Sky-Watcher SupaTrak Explorer-130P & Skymax-127
Optical Vision Ltd. — +44 (0)1359 244200 — from £199 SRP
Written: ~5 years ago

Since this is a product that straddles both telescope and mount categories, I've cross-posted it here. For a more thorough treatment of the SupaTrak mount itself, follow this link:

Explorer-130P + SupaTrak (SRP £199)
Explorer130P_SupaTrak_m
Until comparatively recently there existed an aperture void between the 4.5- and 6-inch Newtonian, one admirably filled by the well-figured 130mm (5.1-inch) f/5 parabolic mirror of the Sky-Watcher Explorer-130P. Its sharp optics and relatively small central obstruction (35mm = 27%) ensure that it delivers bright, diffraction-limited images for its aperture. The easily managed tube and 650mm focal length means that can view a true field of in excess of 2° with 1.25-inch format eyepieces, while well-corrected shorter focal length oculars will give you memorable views of the Moon and bright planets. In short, it’s a great all-rounder in its class. The 'scope comes with 10mm & 25mm eyepieces, 2x Barlow lens, red dot finder and compass.

Mounted via an integral Vixen-style dovetail bar on the SupaTrak, the average eyepiece height of the Explorer-130P with the tripod legs retracted is around 110cm; with the legs extended it's nearer 160cm. In the latter configuration vibration damping time on grass is in the region of three seconds. Be aware that the Explorer-130P does touch the mount at altitudes greater than 85°, so there is a small exclusion zone near the zenith with this instrument (no such restriction applies to the Skymax-127 model below).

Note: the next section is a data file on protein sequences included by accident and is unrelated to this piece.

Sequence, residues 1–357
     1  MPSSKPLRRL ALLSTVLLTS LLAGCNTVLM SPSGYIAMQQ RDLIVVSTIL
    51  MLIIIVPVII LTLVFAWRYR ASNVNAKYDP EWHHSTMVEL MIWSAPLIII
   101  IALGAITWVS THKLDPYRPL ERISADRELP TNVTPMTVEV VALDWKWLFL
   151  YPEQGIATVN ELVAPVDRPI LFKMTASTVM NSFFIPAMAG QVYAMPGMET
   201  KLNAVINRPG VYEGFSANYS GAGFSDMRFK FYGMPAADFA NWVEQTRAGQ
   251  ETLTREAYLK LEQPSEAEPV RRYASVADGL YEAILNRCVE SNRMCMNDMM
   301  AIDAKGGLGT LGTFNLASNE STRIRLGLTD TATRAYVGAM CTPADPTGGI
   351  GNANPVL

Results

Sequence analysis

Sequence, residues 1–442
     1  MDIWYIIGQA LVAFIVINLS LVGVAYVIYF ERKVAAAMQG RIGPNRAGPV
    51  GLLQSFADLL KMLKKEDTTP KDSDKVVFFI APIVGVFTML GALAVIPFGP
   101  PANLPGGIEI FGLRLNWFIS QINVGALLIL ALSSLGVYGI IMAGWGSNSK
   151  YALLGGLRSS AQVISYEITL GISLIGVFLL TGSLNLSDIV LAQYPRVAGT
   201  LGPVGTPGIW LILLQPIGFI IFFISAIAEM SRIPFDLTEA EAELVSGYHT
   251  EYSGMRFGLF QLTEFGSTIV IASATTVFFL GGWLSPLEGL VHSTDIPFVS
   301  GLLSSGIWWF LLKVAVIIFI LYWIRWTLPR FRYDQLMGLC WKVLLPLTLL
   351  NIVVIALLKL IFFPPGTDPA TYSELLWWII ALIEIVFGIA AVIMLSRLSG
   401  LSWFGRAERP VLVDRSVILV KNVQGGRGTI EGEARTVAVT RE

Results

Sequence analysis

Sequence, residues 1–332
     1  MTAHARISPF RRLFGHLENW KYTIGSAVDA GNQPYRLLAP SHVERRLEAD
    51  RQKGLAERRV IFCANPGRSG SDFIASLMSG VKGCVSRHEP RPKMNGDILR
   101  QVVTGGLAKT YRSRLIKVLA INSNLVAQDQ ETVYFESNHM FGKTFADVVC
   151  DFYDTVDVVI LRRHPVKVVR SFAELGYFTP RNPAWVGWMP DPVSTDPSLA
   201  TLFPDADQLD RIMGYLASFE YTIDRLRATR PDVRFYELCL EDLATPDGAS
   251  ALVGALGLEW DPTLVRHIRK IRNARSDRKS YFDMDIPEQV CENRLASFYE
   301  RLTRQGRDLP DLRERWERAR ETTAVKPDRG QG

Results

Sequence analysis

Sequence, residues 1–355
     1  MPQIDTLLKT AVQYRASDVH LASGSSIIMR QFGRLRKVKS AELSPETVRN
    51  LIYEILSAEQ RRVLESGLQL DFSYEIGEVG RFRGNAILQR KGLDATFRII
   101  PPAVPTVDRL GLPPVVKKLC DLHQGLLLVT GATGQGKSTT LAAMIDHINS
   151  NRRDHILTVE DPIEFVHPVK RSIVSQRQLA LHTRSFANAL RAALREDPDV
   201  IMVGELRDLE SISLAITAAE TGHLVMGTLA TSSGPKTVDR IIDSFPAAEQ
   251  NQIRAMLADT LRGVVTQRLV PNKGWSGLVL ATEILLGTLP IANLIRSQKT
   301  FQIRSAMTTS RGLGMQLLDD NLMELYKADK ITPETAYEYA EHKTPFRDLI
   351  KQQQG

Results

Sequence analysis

Skymax-127 + SupaTrak (SRP £ 299)
Skymax127_SupaTrak_m
At just 33cm long and 14cm in diameter, the 127mm aperture f/12 Skymax-127 still packs a performance punch with a relatively short cool-down time for a 'scope of this type. The largest Maksutov-Cassegrain in the standard range (only the 150mm and 180mm Pro Series instruments are larger), this is one of the jewels in the Sky-Watcher crown. It's large enough to produce richly detailed, high-contrast lunar and planetary images, yet doesn't overtax smaller mounts like the SupaTrak. The Skymax-127's standard Vixen dovetail rail also ensures its compatibility with a wide range of other mounts. The 'scope comes with 10mm & 25mm eyepieces, a 2x Deluxe Barlow lens, 6x30 finder, erect image star diagonal and compass.

One might not consider the Skymax-127 for daytime terrestrial use, but the instrument comes with an erect image diagonal and is quite capable of focusing down to 8 metres with minimal image shift. The bright and sharp 6x30 finder sensibly comes on a longer bracket offering plenty of clearance from the OTA. Its internal baffle diameter of just under 23mm means that the Skymax-127 is a strictly 1.25-inch format instrument. While it hardly excels as a wide-field 'scope, it can still deliver a crisp ¾° field with low power eyepieces.

As with all catadioptric 'scopes, I wished that the manufacturer bundled a dewshield with the Skymax-127. With the SupaTrak's tripod legs retracted the average eyepiece height is close to 75cm, extending to about 130cm at full height. Vibration time on grass at full tripod extension is around two seconds.